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In 1980, Langkamp, then a toddler, suffered severe burn injuries on U.S. Army property. In a suit under the Federal Tort Claims Act, the parties entered into a Settlement Agreement. The government agreed to pay $239,425.45 upfront to cover attorney fees and costs, plus a structured settlement: $350.00 per month, 1985-1996; $3,100.00 per month, guaranteed for 15 years, beginning in 1996, and Lump Sum Payments of $15,000.00 in 1996, $50,000.00 in 2000, $100,000.00 in 2008, 250,000.00 in 2018, and $1,000,000.00 in 2028. The government issued a check for $239,425.45 to the parents and a check for $160,574.55 payable to JMW Settlements, an annuity broker. JMW purchased two single-premium annuity policies from ELNY to fund the monthly and periodic lump-sum payments. Until 2013, ELNY sent Langkamp the specified monthly and periodic lump-sum payments. Following ELNY’s insolvency and court-approved restructuring, Langkamp’s structured settlement payments were reduced to 40 percent of the original amount. The Claims Court rejected Langkamp’s argument that the government had continuing liability for the Settlement Agreement payments. The Federal Circuit reversed. The Settlement Agreement contains no reference to the purchase of an annuity from a third party but unambiguously obligates the government to ensure that all future monthly and periodic lump-sum payments are properly disbursed. The court noted that in 1984 it cost the government approximately $160,000 to obtain a promise from an insurance company to fund the future payments specified in the Settlement Agreement. View "Langkamp v. United States" on Justia Law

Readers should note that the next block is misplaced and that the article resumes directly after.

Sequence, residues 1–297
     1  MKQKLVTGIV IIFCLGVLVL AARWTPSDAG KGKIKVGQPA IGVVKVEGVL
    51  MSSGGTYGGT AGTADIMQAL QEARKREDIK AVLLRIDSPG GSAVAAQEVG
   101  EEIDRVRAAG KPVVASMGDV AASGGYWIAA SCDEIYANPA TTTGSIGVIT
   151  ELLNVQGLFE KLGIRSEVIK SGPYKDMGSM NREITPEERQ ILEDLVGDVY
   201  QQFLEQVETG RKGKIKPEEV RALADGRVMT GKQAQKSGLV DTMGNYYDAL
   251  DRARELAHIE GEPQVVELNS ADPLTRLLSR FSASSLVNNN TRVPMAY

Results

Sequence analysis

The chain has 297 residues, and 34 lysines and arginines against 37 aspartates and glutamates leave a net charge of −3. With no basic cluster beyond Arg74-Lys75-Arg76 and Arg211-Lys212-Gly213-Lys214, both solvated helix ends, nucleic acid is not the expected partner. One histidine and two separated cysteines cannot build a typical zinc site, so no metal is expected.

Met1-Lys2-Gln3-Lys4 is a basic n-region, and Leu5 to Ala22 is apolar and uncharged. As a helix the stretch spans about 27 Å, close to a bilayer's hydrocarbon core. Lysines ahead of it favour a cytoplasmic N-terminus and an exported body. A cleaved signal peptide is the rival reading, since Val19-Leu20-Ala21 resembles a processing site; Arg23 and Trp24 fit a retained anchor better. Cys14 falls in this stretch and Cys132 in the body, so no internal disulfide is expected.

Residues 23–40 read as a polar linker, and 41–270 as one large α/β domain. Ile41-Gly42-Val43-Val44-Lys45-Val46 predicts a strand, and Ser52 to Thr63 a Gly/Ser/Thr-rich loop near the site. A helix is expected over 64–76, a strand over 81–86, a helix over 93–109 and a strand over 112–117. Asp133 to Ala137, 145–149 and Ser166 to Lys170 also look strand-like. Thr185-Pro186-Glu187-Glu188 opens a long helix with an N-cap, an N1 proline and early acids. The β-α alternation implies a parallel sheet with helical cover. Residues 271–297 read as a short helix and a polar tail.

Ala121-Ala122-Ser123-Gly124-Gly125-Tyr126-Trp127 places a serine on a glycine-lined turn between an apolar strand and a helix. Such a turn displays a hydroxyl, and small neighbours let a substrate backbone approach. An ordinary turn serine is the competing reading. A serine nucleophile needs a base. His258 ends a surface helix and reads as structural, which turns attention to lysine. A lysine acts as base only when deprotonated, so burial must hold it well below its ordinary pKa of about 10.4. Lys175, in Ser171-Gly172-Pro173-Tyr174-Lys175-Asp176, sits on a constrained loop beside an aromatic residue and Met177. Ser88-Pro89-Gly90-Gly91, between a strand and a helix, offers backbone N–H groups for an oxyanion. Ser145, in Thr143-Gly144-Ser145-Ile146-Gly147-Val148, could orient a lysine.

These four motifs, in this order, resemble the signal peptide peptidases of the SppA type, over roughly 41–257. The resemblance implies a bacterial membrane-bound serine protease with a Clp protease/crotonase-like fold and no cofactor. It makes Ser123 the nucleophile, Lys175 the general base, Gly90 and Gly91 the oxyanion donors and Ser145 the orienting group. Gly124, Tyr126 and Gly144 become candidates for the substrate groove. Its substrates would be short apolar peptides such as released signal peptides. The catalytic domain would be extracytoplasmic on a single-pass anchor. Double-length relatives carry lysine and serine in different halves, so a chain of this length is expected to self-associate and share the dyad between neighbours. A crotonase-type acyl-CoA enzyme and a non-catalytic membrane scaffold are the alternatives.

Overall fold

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The challenged patents relate to certain improvements to electronic communications systems that lower the peak-to-average power ratio (PAR) of the transmitted signals. Lowering the PAR of a communications system is desirable because it reduces power consumption and the likelihood of transmission errors. The challenged patents specifically address a PAR problem that arises in the transmission of digital data using multicarrier communications systems, such as digital subscriber line (DSL) systems. In inter partes review proceedings, the Patent Trial and Appeal Board invalidated all claims of the two related patents as obvious in view of prior art, 35 U.S.C. 103. The Federal Circuit reversed. The fact findings underlying the Board’s obviousness determinations are not supported by substantial evidence. The Board based its findings on the assertions in Cisco’s petition, which the Board expressly adopted as its own findings and conclusions. No reasonable factfinder could find, based on Cisco’s petition and supporting expert declaration, that a person of ordinary skill would have recognized prior art’s disclosure of phase scrambling as a solution to reduce the PAR of other prior art. View "TQ Delta, LLC v. Cisco Systems, Inc." on Justia Law